# Finding Values that Satisfy a Limit

1. Oct 18, 2013

### eumyang

This may be a dumb question, but I'll ask anyway...

1. The problem statement, all variables and given/known data
Find the values of a and b such that
$\lim_{x \rightarrow 0} \frac{\sqrt{a + bx} - \sqrt{3}}{x} = \sqrt{3}$

2. Relevant equations
N/A

3. The attempt at a solution
I already have the work and the solution. However, someone showed me a different way. Here are the first couple of steps:
$\lim_{x \rightarrow 0} \frac{\sqrt{a + bx} - \sqrt{3}}{x} = \sqrt{3}$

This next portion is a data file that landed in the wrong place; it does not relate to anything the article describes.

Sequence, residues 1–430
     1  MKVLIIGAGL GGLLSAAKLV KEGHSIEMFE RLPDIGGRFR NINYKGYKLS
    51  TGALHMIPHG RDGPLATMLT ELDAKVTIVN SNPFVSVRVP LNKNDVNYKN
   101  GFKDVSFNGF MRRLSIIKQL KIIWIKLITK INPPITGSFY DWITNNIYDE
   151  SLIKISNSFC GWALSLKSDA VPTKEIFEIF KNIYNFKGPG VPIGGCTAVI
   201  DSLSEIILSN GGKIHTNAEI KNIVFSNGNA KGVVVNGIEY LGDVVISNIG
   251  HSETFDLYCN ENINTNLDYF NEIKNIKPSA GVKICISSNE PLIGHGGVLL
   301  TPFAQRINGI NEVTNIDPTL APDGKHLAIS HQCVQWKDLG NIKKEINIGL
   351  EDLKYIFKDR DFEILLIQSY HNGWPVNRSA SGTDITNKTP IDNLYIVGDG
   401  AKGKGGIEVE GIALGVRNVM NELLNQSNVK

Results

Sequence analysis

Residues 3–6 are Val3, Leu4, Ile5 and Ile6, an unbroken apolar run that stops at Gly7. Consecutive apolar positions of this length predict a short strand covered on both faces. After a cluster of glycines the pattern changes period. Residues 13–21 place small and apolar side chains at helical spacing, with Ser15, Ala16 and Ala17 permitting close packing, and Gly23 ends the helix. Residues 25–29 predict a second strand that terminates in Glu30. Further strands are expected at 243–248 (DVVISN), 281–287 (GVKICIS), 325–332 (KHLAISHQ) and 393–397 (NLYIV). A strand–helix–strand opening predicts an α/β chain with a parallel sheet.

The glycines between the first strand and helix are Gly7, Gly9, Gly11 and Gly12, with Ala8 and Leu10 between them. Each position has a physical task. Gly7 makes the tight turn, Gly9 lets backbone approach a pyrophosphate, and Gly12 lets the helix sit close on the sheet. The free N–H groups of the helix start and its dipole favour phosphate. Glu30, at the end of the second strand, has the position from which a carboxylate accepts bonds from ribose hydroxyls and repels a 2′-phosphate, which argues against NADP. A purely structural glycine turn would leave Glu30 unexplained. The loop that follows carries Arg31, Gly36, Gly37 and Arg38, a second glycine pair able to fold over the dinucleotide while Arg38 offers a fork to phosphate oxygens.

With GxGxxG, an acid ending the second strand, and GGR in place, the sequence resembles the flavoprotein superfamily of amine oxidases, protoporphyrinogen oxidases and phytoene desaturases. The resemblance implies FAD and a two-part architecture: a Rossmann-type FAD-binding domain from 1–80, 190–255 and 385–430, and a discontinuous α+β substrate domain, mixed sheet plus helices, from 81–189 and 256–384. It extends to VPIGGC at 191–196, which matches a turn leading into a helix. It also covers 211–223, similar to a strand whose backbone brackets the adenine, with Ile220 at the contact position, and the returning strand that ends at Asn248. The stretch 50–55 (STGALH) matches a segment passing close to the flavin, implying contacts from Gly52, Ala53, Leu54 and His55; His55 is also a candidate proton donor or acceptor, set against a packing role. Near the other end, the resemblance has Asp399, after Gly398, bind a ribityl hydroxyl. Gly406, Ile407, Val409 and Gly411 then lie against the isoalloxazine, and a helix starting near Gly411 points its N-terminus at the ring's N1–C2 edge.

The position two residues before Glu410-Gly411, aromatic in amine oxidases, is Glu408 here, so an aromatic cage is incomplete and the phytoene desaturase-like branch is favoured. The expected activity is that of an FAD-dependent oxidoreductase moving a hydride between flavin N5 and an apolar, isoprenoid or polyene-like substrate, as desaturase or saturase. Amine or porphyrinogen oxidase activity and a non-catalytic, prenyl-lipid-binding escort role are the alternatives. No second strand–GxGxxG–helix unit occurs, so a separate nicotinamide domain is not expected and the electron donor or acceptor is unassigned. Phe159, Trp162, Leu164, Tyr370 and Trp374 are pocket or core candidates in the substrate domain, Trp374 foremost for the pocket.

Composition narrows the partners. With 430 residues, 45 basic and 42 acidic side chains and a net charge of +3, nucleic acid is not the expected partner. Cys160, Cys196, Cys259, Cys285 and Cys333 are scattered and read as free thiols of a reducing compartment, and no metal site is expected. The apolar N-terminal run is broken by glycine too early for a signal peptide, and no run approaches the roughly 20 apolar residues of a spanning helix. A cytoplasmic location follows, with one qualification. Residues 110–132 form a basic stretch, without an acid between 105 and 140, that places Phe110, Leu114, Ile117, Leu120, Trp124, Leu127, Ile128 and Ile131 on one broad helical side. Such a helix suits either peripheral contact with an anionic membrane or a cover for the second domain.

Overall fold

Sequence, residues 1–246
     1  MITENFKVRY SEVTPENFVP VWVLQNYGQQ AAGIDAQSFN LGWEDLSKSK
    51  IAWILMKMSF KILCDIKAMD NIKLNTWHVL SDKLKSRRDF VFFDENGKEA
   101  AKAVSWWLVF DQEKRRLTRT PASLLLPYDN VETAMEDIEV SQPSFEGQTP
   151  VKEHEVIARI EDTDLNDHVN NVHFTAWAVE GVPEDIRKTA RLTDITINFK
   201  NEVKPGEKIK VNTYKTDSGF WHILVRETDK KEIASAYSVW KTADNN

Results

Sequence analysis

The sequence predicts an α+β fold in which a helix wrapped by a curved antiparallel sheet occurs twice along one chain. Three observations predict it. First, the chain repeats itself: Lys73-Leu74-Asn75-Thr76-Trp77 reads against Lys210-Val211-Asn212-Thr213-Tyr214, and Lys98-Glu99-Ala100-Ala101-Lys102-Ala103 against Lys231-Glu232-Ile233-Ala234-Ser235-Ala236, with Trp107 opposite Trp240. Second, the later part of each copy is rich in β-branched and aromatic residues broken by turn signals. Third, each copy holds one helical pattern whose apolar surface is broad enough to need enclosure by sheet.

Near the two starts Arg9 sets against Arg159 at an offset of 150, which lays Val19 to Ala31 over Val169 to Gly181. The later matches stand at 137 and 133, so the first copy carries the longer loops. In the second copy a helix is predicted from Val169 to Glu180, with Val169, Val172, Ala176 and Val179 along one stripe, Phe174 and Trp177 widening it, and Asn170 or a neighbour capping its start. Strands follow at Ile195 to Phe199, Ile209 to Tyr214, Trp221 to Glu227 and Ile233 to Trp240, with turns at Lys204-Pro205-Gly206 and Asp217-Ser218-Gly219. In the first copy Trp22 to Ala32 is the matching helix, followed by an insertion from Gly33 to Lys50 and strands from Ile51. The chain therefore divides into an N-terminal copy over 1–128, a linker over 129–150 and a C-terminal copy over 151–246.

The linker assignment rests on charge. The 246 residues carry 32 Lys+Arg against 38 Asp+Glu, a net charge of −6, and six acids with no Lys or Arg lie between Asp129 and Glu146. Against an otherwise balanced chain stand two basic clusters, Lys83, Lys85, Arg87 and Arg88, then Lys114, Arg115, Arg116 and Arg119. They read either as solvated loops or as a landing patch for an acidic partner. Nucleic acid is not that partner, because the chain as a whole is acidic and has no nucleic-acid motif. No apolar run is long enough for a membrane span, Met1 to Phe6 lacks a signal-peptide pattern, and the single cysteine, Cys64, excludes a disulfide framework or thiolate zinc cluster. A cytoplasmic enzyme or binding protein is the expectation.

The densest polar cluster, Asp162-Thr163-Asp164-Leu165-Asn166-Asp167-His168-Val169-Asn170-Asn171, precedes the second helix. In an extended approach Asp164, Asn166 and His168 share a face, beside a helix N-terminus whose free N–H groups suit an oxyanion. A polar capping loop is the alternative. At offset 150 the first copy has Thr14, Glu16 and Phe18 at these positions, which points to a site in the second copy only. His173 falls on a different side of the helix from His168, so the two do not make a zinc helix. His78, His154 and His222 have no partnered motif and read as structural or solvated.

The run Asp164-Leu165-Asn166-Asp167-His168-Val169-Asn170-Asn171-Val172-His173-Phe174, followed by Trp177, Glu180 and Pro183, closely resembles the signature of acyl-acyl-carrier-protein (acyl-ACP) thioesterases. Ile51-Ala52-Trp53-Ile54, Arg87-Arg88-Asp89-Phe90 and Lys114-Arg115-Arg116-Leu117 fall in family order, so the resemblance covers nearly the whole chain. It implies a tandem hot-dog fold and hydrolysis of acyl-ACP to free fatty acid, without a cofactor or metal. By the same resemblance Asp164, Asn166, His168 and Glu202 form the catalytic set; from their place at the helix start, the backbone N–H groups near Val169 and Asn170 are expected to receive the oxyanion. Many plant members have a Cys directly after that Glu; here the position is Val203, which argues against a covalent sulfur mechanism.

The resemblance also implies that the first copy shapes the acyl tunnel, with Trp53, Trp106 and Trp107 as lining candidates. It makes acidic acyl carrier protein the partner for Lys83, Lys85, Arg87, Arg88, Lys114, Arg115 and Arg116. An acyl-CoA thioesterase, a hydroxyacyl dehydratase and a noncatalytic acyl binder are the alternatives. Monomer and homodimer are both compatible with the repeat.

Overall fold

$\lim_{x \rightarrow 0} \left( \sqrt{a + bx} - \sqrt{3} \right) = \sqrt{3} \cdot x$
$\lim_{x \rightarrow 0} \sqrt{a + bx} = \sqrt{3} + \sqrt{3} \cdot x$
I'm having a brain fart. Is multiplying both sides by x, and then adding sqrt 3 to both sides, legal?

2. Oct 18, 2013

### Office_Shredder

Staff Emeritus
On the second line, the left hand side is a number, and the right hand side is a function of x. Does that sound like two things that are going to be equal to you?

3. Oct 18, 2013

### eumyang

That's what I thought -- I'm just too d***ed sleep-deprived. Thanks for the confirmation.